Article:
Why have two or even three gaming monitors on your desk when you could have one, seamless, curved, 49-inch beauty? That’s the rationale I had when upgrading to one of the best curved ultrawide gaming monitors recently and, without a counterargument springing to mind, I soon found myself sitting before such a stunner.
My first experiences of usage were great, too. Firing up Cyberpunk 2077 and running the game in path tracing-enabled Overdrive ray tracing mode was fantastic. The dystopian world of the game extended out either side of me and wrapped around to crank up the immersion to an all new level. It was truly time to party with Johnny Silverhand! Descending with my team in Warhammer 40K: Darktide, too, was also epically intense, with the on-rushing-from-every-angle mutant hordes presented in scary swarms on the screen. My buyer satisfaction levels soared.
But then my issues started.
Without thinking I went to boot up Fallout New Vegas, planning to start a new replay, only to find myself staring at a stretched, warped, 32:9 horror show depiction of post-apocalypse America. Of course, I suddenly thought, I’d not set the game’s graphics settings properly. So I went ahead and restarted the game, which was needed to get to its graphics options menu, and quickly dived into the resolution options. And… to quote Dirty Harry, I was 'shit out of luck'.
There was not a single ultrawide option in menu system and, worse, even if I forced the most sympathetic resolution for my monitor, in-game overlays remained game-breakingly ill-sized. Lockpicking and even the Pip-Boy were functionally unusable, as menu options were locked out of my view, off screen, due to FOV issues.
And so the problem that I’d annoyingly overlooked was discovered — old games just don’t play ball, almost always, with ultrawide resolutions and the field of view angles required by their aspect ratios. This is a problem that I would then face again and again, with games like Warhammer 40K: Space Marine, SiN Gold, Black and White 2 and many more, all now essentially unplayable due to a legacy lack of ultrawide support. Ultrawide just wasn’t a thing for mainstream PC gaming when these games were originally released.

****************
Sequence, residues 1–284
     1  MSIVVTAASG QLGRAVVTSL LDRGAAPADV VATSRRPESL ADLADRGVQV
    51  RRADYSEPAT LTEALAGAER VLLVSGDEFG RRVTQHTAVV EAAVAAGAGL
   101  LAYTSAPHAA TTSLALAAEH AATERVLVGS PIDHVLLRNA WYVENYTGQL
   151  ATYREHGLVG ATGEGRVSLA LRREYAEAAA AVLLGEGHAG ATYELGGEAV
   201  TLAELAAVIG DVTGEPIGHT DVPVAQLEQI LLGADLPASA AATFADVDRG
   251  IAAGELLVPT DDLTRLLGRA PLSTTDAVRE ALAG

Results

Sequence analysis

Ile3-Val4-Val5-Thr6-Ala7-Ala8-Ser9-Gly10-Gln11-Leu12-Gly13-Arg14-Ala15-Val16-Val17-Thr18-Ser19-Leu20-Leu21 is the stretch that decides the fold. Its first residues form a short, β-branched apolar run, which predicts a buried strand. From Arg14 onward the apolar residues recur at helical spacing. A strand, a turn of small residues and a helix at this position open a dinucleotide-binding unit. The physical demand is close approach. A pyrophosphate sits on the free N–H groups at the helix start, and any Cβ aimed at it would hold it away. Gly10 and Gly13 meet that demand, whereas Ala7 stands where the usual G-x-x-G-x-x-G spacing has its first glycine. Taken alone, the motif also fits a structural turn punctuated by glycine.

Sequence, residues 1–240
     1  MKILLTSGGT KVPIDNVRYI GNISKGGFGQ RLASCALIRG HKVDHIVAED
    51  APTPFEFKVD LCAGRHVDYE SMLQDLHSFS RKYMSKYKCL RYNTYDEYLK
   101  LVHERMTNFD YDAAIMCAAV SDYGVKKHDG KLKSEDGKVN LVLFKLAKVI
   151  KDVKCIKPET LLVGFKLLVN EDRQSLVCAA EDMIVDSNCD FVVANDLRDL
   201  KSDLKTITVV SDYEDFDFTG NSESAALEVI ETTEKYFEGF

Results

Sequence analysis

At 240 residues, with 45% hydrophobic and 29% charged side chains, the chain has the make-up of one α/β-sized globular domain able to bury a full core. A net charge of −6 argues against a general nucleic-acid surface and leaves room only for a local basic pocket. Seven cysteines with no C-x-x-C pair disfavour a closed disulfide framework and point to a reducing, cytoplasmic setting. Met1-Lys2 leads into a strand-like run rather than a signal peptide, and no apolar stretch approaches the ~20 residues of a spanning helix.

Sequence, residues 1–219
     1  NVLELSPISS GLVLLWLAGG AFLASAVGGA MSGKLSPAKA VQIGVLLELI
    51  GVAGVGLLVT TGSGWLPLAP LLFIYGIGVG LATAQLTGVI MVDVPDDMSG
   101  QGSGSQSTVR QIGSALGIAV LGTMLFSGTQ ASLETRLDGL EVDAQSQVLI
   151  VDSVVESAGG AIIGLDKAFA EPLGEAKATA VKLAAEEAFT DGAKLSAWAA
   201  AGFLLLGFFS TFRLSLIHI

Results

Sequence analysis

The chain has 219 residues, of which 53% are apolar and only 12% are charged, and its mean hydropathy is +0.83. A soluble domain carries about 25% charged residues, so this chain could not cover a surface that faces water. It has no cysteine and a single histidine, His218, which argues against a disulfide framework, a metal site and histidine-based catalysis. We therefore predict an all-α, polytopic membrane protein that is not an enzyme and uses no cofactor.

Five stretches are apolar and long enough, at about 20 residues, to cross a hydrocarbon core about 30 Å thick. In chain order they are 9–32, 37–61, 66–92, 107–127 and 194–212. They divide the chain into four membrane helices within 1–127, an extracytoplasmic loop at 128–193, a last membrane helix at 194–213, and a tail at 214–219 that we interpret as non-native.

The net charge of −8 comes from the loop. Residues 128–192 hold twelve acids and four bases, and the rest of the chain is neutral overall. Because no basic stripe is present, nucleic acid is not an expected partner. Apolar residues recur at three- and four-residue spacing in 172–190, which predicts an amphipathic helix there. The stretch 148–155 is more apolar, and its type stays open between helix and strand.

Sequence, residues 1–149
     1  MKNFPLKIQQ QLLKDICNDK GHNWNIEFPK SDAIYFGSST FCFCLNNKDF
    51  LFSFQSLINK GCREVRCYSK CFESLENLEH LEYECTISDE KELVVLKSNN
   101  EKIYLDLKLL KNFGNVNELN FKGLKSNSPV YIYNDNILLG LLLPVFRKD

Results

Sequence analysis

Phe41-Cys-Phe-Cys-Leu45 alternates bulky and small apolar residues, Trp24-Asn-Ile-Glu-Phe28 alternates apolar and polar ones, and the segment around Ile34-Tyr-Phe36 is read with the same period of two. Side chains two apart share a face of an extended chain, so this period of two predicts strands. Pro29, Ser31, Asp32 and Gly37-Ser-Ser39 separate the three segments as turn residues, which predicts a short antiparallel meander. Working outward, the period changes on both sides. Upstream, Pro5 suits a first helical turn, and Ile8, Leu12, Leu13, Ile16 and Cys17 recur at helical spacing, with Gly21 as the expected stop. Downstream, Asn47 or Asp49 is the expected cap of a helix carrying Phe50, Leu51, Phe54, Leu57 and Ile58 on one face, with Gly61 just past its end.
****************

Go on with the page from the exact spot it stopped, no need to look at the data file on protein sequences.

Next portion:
This hurt me especially as, while I absolutely do play modern PC games, as someone who started PC gaming back in the early 1990s, I do spend a lot of my time replaying old classic games. Yes, sure, I still had my old monitor, but it no longer fit on my desk due to the 49-inch ultrawide and, well, I was hardly going to go back to my original when newer games looked so stunning on the new screen was I?
Naturally, I did everything I could to fix this problem and, to cut a long story short, became quickly incredibly indebted to freeware apps like Flawless Widescreen, which automatically fix many old games that never offered ultrawide display support so that they are playable at these resolutions, fields of view and aspect ratios. However, even with apps like Flawless Widescreen, not all games are supported. That includes, annoyingly, Fallout New Vegas.
After digging around online, I finally managed to find the complicated manual hacks that I needed to make in order to get New Vegas to be remotely playable on my 32:9, 49-inch ultrawide. Multiple lines of the falloutprefs.ini file needed to be manually overwritten, fixing resolution, aspect ratio, and field of view, both in-game and when in menu overlays in-game. I also needed to tweak the play FOV in terms of how the character's hands and weapon were displayed. This required plenty of trial and error, with countless reboots of the game needing to be made.
In the end, I got the game to work with an ultrawide resolution and aspect ratio, but even then I couldn’t fix the Vit-o-matic Vigor Tester at the start of the game, which was displayed so big that it prevented progression, as you couldn’t actually see the buttons or full options to make your choices. No matter what I manually tweaked, this Vit-o-matic display couldn’t be fixed and it put a hard block on the game. In the end what I had to do was play through past the Vit-o-matic in a stretched, warped, Full HD resolution, which at least displayed the Vigor Tester in full as it crushed the FOV, then after making my character’s SPECIAL choices, revert back to my custom settings so the game displayed properly.
In conclusion, then, what am I trying to say here is, curved ultrawide gaming monitors are great. They make new games look awesome and they definitely take immersion up a level in my mind. However, if you’re a retro gaming fan and spend a lot of your time playing PC games from the 1990s or 2000s, then just be sure to do your research well before an ultrawide purchase, and go into it with your eyes open to the fact that you may have to jump through some annoying technical hoops to get those classic games playable. And, in some rare cases, you may be just 'shit out of luck'.
In these cases, you’ve got one more option, which I’m now realising is a really important tool in the ultrawide monitor user’s armory — picture-by-picture modes. Most ultrawide monitors allow you to split your monitor back up into multiple smaller screens by activating a PBP mode, which in my case allowed me to, even without another system connected, turn off one side of the screen. This is obviously far from ideal, as I bought an ultrawide to upgrade my visual experience, but if playing a classic game at a more traditional resolution and aspect ratio is going to make it actually playable on my current setup, then so be it.